CLEVELAND — A federal grand jury in Cleveland returned a 14-count indictment Tuesday against six individuals accused of illegally trying to obtain $9 million from CARES Act funding from the U.S. Small Business Administration (SBA), Economic Injury Disaster Loans (EIDL) and the Paycheck Protection Program (PPP).

What You Need To Know

  • Six people are charged with allegedly defrauding the SBA, EIDL and PPP

  • While the applications they are accused of submitting totaled around $9 million, the SBA approved $3.3 million

  • An indictment is only a charge and not evidence of guilt, and the individuals will go to trial

The individuals named in the indictment are Terrence Pounds, 44, of Holland, Ohio; Charles Tiller, 37, of Columbus, Ohio; Terri Davis, 30, of Old Hickory, Tennessee; Randolph Nunn, 48, of Canton, Ohio; Samira Abdul-Karim, 27, of New Haven, Connecticut; and Quwan Simmons, 28, of Hartford, Connecticut. 

All have been charged with conspiracy to commit wire fraud. Pounds, Nunn, Davis and Tiller face additional counts of money laundering. 

According to the indictment, between around March 31, 2020 to Dec. 17, 2020, Pounds recruited Tiller, Davis, Nunn, Abdul-Karim and Simmons along with others. They gave Tiller their personal information, which he used to apply for EIDL loans in their names.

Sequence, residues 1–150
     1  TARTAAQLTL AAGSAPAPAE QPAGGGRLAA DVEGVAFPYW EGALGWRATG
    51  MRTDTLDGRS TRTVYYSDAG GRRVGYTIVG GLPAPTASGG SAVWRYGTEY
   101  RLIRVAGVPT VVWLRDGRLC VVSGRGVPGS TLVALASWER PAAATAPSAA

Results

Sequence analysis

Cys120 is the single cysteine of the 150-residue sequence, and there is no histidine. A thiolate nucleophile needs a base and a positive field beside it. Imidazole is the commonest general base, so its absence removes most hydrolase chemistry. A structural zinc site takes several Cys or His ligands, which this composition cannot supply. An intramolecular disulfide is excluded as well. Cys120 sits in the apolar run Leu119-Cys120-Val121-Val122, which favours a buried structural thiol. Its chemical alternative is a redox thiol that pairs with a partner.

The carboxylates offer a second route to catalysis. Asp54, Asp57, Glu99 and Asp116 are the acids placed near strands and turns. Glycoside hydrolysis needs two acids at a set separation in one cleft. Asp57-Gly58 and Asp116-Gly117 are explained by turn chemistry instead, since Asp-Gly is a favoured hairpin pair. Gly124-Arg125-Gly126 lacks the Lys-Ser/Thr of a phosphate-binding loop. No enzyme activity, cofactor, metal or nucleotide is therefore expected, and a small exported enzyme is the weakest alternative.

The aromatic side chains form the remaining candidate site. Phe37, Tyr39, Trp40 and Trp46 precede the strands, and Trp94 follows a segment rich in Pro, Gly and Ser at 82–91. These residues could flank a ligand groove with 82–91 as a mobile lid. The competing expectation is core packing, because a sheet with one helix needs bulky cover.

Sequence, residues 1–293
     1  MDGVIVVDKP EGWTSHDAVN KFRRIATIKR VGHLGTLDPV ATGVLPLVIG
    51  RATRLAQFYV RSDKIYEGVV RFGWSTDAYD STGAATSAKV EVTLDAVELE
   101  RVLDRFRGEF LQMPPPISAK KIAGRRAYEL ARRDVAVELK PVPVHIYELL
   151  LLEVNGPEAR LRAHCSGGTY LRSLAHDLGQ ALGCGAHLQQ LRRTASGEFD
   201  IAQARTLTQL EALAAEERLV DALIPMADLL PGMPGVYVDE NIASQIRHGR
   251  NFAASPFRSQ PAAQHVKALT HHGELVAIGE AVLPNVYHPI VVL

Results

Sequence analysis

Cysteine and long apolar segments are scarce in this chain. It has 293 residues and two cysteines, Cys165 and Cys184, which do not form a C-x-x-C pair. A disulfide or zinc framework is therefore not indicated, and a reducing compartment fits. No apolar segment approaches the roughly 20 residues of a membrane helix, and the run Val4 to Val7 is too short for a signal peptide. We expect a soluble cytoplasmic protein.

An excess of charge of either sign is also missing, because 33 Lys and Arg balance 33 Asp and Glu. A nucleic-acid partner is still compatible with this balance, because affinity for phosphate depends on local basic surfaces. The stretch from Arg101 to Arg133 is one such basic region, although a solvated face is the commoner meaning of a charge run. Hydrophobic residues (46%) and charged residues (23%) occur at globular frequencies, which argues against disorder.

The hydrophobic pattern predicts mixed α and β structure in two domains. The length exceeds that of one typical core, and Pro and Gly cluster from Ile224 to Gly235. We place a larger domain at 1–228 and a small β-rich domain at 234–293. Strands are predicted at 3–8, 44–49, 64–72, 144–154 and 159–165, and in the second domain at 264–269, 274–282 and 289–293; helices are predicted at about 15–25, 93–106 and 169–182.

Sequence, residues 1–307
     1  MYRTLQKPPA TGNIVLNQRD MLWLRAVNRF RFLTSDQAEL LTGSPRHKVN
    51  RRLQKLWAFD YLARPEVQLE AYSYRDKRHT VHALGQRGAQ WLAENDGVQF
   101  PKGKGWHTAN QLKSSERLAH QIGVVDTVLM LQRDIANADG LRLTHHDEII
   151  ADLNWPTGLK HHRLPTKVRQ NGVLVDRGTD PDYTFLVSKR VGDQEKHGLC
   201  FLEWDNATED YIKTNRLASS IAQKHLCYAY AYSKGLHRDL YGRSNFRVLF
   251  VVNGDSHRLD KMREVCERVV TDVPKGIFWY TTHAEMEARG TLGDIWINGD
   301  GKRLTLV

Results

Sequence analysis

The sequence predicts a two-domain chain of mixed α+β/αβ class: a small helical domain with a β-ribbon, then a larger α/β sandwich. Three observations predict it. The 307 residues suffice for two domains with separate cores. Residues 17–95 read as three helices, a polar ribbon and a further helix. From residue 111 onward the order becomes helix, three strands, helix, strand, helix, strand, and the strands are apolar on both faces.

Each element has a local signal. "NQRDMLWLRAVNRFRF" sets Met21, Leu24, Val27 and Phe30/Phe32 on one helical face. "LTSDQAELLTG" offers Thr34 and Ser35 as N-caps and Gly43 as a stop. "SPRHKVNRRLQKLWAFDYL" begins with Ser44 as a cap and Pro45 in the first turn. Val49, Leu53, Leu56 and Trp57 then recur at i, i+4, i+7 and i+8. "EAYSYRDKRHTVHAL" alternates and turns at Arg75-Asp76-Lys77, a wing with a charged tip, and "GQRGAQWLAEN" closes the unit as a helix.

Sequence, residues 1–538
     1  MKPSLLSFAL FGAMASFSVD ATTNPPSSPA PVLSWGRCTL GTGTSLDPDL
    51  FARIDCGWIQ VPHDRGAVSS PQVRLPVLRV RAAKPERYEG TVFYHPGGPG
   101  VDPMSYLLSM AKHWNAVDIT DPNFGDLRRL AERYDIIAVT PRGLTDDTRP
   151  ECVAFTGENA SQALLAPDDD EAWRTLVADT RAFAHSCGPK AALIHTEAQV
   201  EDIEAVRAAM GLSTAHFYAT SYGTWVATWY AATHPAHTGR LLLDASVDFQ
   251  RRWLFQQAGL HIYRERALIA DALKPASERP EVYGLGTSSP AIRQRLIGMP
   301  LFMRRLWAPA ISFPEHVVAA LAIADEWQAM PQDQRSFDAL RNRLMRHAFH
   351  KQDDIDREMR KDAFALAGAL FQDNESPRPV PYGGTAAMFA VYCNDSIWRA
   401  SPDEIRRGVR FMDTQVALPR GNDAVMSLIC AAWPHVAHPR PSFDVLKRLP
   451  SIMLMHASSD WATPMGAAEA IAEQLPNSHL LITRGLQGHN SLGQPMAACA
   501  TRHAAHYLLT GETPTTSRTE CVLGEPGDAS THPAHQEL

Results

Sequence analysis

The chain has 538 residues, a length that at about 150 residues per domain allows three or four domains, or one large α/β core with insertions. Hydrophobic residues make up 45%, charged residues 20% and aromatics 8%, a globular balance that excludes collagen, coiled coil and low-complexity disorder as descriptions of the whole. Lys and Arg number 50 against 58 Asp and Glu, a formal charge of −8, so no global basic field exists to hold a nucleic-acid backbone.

In the loan applications, Pounds wrote the others operated a nonprofit organization that was a “Faith-Based Organization” and a “Church” with $1,000,000 in revenue and 15 employees, and it was approved by the SBA. 

The indictment also alleges Pounds submitted an application on behalf of himself and is accused of using the funds to buy a 2021 Chevrolet Tahoe, a 2021 Kia Telluride, a 2020 Hyundai Elantra and a 2020 BMW X4.

In total, they are accused of submitting 60 fraudulent EIDL loan applications and other fraudulent PPP loan applications seeking a total of approximately $9 million, and around $3.3 million was approved by the SBA.

Acting U.S. Attorney Bridget M. Brennan for the Northern District of Ohio said Tuesday if they are convicted, the sentences will be determined by the court after a review of factors, including prior criminal record and what their role was in the offense. 

“COVID-19 relief funds are intended to support hardworking Americans and small businesses struggling with financial challenges as a result of the pandemic,” said Brennan. “The U.S. Attorney’s Office is committed to pursuing anyone alleged to have fraudulently obtained relief funding.”

Allegations of COVID-19 fraud can be submitted to the to the National Center for Disaster Fraud Hotline at 866-720-5721 or by filling out the NCDF Web Complaint Form.


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